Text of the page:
A platform, rigged high above to trusses on the roof, ascended. [You] better have my money echoed from the stadium speakers.
Rihanna’s long-anticipated Super Bowl halftime performance was here.
Rihanna hadn’t performed in concert since August 2016.
“As a superstar of popular song,” Washington Post music critic Chris Richards wrote in his Super Bowl review, “she prefers shadows to spotlight, still holding on to that one thing that cannot be bought: mystique.”
“In a digital era when shameless overexposure seems like a prerequisite for any kind of stardom,” he added, “…Rihanna remains cool and unthirsty, operating on her own terms and timeline.”
Can we say the same about ourselves?
Money often tempts us to favor spotlight over shadows.
We use money to signal our “success” in life. We buy a certain car or clothes to convey some status. We go on a vacation or move into a house to keep up with our neighbors and friends.
We may do so subtly. We may do so unconsciously. But we do so all the same.
We may find a way to rationalize these choices. Ultimately, though, that doesn’t mean they reflect who we are or what we actually want from life. We’re just spending visibly, for others to admire.
We fear what people will think of us if we stick to the shadows.
“Which,” the Post’s Chris Richards wrote, “brings us back to mystique.”
The Merriam-Webster Dictionary defines mystique as “an air or attitude of mystery.” In Rihanna’s case, the mystery was well-documented. Why did she largely walk away from music at the height of her popularity?
With hindsight, we can better appreciate the answer. We can understand what “her own terms” meant. She simply preferred different work, with different demands, benefits, and impact.
Richards notes that mystique “thrives in silence.” And he argues that the silence “gives us space to anticipate, to speculate, to imagine, to wonder, and ultimately, to be.”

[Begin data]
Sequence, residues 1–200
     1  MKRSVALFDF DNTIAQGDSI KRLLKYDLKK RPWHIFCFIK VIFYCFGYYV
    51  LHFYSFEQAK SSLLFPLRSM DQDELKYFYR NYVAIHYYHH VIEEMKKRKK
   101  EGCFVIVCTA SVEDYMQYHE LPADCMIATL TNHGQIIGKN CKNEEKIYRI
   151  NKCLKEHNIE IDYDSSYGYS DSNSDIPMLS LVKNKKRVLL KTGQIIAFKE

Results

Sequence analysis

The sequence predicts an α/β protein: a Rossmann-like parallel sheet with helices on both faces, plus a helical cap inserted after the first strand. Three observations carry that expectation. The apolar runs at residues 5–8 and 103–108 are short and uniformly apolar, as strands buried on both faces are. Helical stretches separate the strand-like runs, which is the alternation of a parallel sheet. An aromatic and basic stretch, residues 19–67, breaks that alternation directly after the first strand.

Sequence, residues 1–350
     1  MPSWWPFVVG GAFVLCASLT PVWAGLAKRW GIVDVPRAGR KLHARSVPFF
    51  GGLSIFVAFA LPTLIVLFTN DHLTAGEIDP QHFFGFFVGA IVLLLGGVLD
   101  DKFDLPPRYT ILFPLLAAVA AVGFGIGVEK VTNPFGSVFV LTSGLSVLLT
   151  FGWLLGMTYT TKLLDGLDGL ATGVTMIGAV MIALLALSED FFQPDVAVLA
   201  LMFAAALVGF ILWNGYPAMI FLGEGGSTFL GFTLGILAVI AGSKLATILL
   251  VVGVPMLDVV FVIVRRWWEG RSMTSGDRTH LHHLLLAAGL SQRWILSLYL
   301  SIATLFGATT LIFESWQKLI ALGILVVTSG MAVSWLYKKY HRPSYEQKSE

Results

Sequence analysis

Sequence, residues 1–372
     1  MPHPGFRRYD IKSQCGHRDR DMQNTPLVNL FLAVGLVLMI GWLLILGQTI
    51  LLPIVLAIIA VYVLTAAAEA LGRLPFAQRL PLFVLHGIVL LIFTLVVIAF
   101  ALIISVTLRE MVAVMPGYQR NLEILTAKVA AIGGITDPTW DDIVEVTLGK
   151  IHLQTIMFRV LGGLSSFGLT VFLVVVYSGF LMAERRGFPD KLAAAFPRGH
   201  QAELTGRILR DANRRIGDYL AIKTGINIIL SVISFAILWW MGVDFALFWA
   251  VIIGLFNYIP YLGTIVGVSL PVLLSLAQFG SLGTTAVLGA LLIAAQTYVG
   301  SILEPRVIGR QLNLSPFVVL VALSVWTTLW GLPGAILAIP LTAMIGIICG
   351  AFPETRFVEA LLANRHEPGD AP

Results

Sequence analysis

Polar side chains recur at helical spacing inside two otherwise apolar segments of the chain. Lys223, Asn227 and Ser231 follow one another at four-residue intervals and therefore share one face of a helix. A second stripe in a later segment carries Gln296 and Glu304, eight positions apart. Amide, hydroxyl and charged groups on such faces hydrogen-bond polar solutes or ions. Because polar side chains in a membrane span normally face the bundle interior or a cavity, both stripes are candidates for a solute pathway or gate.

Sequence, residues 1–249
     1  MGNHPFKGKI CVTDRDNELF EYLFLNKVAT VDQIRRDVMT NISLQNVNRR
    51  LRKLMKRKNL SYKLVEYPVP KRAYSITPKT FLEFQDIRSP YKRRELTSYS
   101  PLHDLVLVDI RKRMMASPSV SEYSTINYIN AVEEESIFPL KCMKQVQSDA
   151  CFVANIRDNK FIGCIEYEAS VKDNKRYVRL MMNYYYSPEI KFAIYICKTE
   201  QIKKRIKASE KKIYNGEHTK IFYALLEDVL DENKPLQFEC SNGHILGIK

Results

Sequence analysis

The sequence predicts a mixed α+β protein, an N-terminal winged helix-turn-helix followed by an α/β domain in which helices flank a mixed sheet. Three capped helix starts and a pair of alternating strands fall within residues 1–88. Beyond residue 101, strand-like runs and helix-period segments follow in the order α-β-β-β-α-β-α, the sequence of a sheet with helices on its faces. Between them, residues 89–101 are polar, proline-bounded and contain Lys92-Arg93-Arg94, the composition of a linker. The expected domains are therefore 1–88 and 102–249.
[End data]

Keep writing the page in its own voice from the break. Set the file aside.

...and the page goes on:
For us, satisfaction with our financial lives can come out of this same silence. We need space to think through what lives we want to build for ourselves and our family. And in that silence, we can understand the unique ways in which money will best serve us.
To conclude his Super Bowl write-up, Richards asked: “Remember that ancient quote frequently credited to Claude Debussy about how music is the space between the notes? Miles Davis eventually gave it a nice twist — something like, ‘It’s not the notes you play; it’s the notes you don’t play.’”
For us, it’s something like, “It’s not the money you spend; it’s the money you don’t spend.”
Almost anyone can buy an oversized car or an Instaworthy vacation on borrowed funds. But this type of financial overexposure isn’t a game that we need to play.
True wealth is what you don’t see.
It’s passing on potential expenses that won’t make a dent in your quality of life. It’s consistently adding money to an unsexy index fund each month. It’s accumulating flexibility and control of your time.
And from an outsider’s perspective, it all appears to be a bit of a mystery.
About the author: Kevin Mahoney, CFP®
Hi, I’m Kevin. I’m a financial advisor in Washington, DC. I’m also the founder of Illumint, an independent financial planning company in the District that specializes in financial planning for Millennials like you. I empower our generation with the confidence to invest an inheritance, financial gift, or extra savings. If you’re new to Financially Well, welcome – you now have access to the leading finance podcast for Millennials. I encourage you to read, watch, or listen to the ideas I’ve shared about making your money work for you. And then when you’re ready, please send me your thoughts & questions!